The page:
Plants to attract pollinators to your patch

Is there any greater pleasure than watching birds and bees enjoying the flowers in your own backyard? Not only do these pollinators help your garden beds and veggie patches flourish, they’re also key to creating a thriving ecosystem.

Tumut grevillea (Grevillea wilkinsonii) in flower, with pollinator bee

Across the planet, we’re seeing a major decline in pollinators. With 75% of the world’s flowering plants relying on insect pollinators to reproduce, our biodiversity depends on the existence of these creatures.

There are actually a few easy ways to lend a hand to our pollinators. By adding particular plants to your garden, balcony or courtyard, you can provide them with the support their important jobs rely upon.

Here’s our guide to selecting the right plants and creating a buzz in your backyard.

Opt for natives

Nodding geebung (Persoonia nutans) flowers with pollinatorWhile our pollinators will feast on all manner of flowers, it’s best to choose native species wherever possible.

Planting natives helps to preserve our valuable biodiversity and – if you choose plants that are endemic to your area – usually mean a more low-maintenance garden for you, too.

Flowering natives like grevillea and callistemon are loved by birds and bees alike.

No trees, no bees

Trees provide us with oxygen, store carbon and provide a home and food source to a myriad of wildlife – including our precious pollinators.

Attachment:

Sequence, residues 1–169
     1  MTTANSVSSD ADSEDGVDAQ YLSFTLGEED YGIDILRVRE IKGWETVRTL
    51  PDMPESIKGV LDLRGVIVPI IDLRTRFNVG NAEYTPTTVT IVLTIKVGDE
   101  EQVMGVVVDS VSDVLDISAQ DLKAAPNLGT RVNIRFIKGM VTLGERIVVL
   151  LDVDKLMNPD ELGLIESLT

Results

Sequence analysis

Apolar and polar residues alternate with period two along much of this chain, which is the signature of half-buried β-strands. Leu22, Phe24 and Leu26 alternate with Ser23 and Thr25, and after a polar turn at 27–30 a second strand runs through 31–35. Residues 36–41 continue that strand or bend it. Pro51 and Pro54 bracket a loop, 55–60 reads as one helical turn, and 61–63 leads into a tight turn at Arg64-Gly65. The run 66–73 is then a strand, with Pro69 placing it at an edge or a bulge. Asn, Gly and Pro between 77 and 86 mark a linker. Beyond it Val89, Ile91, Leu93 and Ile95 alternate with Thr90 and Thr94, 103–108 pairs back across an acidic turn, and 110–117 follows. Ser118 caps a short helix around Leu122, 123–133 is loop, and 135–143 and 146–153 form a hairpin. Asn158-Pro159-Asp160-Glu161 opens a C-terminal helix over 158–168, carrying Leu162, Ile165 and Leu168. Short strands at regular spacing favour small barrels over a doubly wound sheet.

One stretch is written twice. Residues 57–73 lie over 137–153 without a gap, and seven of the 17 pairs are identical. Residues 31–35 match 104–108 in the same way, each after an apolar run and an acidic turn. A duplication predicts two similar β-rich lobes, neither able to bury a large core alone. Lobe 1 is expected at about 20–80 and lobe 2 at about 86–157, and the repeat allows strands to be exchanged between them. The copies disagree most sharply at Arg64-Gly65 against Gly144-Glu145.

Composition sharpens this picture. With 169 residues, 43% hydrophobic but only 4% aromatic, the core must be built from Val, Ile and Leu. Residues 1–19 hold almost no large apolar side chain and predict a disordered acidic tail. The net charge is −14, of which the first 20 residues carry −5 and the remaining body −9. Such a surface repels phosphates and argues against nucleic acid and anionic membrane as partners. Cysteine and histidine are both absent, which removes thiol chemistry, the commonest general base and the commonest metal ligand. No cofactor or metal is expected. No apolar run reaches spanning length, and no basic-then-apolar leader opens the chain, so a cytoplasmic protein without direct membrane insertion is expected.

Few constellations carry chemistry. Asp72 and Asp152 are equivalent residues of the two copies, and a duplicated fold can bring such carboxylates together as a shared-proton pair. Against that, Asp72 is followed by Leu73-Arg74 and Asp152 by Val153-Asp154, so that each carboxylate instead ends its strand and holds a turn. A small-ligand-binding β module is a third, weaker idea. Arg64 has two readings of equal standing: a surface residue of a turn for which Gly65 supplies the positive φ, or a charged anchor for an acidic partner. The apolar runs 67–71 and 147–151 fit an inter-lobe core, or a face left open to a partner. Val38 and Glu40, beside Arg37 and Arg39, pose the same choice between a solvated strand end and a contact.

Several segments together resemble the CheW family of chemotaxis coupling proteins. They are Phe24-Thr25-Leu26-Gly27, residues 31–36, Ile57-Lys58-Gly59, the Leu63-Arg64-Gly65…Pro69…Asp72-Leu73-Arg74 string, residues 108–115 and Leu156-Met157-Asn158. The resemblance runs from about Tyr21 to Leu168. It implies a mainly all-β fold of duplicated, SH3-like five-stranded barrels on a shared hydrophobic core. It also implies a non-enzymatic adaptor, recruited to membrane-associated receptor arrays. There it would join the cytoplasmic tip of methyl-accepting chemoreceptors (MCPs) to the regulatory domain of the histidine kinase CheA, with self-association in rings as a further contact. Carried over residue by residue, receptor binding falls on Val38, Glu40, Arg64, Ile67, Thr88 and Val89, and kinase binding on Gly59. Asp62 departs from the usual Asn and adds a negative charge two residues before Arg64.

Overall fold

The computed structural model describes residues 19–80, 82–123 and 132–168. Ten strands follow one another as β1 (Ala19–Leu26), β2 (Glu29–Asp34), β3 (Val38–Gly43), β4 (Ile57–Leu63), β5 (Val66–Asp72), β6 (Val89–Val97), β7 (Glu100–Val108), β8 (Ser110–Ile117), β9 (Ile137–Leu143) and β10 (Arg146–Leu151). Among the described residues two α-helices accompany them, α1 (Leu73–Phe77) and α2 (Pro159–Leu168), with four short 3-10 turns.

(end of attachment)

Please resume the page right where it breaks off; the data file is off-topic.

Black-chinned Honeyeater, eastern subspecies (Melithreptus gularis gularis) A report from Saving our Species lists the plants that can help conserve threatened nomadic pollinators in NSW, including the regent honeyeater, swift parrot, little lorikeet and black-chinned honeyeater.

The list includes eucalypts, like grey ironbark (Eucalyptus paniculate), swamp mahogany (Eucalyptus robusta), forest red gum (Eucalyptus tereticornis), narrow-leaved red gum (Eucalyptus seeana), mugga ironbark (Eucalyptus sideroxylon), white box (Eucalyptus albens) and yellow box (Eucalyptus melliodora).

Other trees and plants that can help to conserve our threatened pollinators include coastal banksia (Banksia integrifolia), broad-leaved paperbark (Melaleuca quinquenervia), turpentine (Syncarpia glomulifera) and spotted gum (Corymbia maculata).

The report contains more information on the best times and areas to plant these species.

Paint the garden red (and blue, and white)

Slender westringia (Westringia eremcola) in flowerMany Australian native plants have evolved to have red flowers, which is thought to help them attract birds. With so many crimson-hued native plants to choose from, like our state’s emblem the waratah (Telopea speciosissima) or any of our much-loved banksia species, this shouldn’t prove too great a challenge for even those new to gardening.

Native bees are said to prefer blue and white flowers, so something like native rosemary (Westringia), fairy fan-flowers (Scaveola) or emu bush (Eremophila) will turn your garden into a hive of activity.

Food for all

Planting Wee Jasper grevillea (Grevillea iaspicula)There’s a nutritious and delicious feast awaiting people and pollinators alike, if you choose to plant certain types of herbs, fruit and veggies at home.

When in flower, herbs like oregano, dill, chives, rosemary, lavender, basil, dill and parsley will all attract bees to your herb garden or window box.

Broad beans, runner beans, rocket, apples and berries also produce flowers that our pollinating pals will think is the bee's knees.

Find out how Saving our Species is working to secure a future for plants and animals in NSW – including our pollinators.